What is the long-term impact of vocal fold hemorrhage (VFH) on vocal function and health, particularly compared with similar patients who have not had VFH?
Contrary to commonly held belief, VFH appears to have no significant long-term impact on vocational stability, subjective voice quality, or vocal function perceptions.
Explore This IssueApril 2017
Background: VFH’s rapid onset and dramatic appearance is a source of considerable anxiety to patients, a situation often compounded by VFH frequently being discussed in catastrophic terms. It is generally believed to cause permanent voice change by means of scarring of the lamina propria. Despite this, there are no systematic studies of the consequences of VFH, and reports of cases of scars clearly attributable to VFH are uncommon.
Study design: Retrospective cohort study of 41 patients with a history of adult VFH diagnosed between April 27, 2006, and May 13, 2014, and 53 control patients.
Setting: Weill Cornell Medical College, New York City.
Synopsis: Control and VFH groups did not differ in age, gender, performer status, follow-up duration, or non-VFH vocal fold pathology. Nine VFH patients had more than one hemorrhage, and three underwent microlaryngoscopy related to VFH. VFH and control groups were substantially similar in most outcome parameters except days of work missed—VFH patients were significantly more likely to report more than seven days of work missed per year due to a voice problem. No significant differences were found between groups for statements from the Likert scale questions regarding vocal function, VHI-10, and Singing Vocal Handicap Index. There were no significant differences between single- and multi-event VFH patients in continuation in profession, missed work days, or most items on the Likert questionnaire.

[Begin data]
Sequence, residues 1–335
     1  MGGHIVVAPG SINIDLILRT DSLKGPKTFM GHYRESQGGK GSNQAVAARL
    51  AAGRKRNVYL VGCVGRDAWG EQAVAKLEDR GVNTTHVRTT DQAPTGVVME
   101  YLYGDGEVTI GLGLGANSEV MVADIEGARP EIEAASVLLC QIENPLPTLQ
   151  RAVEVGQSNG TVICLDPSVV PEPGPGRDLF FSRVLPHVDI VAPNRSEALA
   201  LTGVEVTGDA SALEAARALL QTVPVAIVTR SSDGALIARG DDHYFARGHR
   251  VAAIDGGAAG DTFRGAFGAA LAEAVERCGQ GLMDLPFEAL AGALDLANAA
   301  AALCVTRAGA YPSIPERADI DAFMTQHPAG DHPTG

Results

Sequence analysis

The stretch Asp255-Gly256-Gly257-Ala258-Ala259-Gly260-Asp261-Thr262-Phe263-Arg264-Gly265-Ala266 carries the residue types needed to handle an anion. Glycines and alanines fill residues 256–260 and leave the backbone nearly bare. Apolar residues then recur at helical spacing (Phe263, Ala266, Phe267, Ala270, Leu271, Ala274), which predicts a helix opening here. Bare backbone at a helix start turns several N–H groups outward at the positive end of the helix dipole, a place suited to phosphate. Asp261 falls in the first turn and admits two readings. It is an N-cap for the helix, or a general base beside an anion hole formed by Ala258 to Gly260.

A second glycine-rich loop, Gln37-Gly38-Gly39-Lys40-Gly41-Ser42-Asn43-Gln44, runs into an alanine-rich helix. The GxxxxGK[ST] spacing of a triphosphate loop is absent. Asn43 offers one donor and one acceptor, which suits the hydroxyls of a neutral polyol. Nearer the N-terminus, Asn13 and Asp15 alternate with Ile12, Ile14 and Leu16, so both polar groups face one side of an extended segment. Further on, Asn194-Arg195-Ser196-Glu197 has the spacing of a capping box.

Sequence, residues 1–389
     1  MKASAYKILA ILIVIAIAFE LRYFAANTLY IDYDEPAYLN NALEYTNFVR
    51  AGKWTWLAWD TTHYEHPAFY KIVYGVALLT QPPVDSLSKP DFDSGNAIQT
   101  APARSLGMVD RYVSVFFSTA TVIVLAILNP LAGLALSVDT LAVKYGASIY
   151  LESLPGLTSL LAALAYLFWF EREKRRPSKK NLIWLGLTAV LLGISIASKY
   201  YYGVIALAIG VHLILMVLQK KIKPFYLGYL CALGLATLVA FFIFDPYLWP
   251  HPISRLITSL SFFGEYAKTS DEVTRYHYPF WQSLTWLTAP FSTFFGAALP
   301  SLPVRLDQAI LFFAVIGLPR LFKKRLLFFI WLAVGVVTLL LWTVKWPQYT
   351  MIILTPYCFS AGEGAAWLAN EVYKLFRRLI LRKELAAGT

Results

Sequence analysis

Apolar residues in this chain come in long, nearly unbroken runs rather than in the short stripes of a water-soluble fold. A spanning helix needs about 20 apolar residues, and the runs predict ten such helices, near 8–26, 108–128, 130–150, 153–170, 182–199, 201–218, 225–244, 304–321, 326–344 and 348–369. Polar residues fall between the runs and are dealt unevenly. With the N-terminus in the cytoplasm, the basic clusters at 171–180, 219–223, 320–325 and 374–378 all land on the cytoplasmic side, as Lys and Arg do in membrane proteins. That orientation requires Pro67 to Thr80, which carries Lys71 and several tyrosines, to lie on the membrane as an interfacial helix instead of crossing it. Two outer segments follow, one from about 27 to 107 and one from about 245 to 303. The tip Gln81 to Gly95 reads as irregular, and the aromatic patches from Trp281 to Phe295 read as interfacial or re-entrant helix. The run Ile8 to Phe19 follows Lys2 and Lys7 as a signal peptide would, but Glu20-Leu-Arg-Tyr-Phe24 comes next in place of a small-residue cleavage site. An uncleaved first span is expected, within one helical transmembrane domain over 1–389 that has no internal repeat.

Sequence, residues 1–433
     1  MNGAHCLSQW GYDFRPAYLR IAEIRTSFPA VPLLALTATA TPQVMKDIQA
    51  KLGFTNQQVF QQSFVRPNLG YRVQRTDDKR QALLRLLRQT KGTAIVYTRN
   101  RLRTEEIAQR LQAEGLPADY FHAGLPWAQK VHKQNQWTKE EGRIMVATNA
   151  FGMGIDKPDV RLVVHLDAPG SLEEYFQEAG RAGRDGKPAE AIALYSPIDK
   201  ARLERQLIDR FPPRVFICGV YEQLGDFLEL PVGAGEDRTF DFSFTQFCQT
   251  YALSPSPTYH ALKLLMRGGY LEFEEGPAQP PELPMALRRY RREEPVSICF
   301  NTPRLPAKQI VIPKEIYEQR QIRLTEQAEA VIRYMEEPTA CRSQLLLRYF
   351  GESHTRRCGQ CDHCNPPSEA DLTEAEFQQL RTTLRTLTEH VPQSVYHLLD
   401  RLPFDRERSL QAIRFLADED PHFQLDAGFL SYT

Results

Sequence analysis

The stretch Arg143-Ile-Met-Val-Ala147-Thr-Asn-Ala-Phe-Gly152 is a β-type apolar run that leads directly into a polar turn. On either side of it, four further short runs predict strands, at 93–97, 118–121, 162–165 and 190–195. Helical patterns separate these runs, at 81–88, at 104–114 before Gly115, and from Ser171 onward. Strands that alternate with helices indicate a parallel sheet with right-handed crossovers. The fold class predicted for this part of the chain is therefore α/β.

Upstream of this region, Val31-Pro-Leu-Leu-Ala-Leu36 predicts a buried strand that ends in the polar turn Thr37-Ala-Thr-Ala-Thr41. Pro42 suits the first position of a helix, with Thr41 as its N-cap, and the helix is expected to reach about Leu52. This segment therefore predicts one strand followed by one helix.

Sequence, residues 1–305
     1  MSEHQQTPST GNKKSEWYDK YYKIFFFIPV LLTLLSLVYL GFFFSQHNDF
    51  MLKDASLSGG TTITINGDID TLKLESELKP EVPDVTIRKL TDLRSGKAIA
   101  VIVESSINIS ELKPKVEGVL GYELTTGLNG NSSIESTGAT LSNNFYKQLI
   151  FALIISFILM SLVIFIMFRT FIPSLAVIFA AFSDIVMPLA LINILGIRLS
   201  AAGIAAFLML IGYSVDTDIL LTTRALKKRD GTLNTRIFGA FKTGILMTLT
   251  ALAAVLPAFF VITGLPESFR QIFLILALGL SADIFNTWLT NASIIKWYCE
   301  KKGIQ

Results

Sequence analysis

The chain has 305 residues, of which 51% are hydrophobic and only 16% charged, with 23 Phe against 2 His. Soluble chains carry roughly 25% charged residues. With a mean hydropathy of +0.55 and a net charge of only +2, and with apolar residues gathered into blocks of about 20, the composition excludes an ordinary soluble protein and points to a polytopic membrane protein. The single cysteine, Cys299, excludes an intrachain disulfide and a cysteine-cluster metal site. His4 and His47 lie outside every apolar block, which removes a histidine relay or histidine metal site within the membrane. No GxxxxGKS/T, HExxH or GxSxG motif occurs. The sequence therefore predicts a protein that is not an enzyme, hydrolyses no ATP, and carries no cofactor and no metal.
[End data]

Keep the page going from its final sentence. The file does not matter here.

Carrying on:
Multi-event patients were significantly more likely to agree with the statement, “I have knowledge and resources to manage any future voice problems, should they arise.” The majority of patients in both the VFH and control groups strongly agreed with the statement, “I can participate in my profession without vocal limitation.”
Citation: Kerwin, LJ, Estes C, Oromendia C, Christos P, Sulica L. Long-term consequences of vocal fold hemorrhage. Laryngoscope. 2017;127:900–906.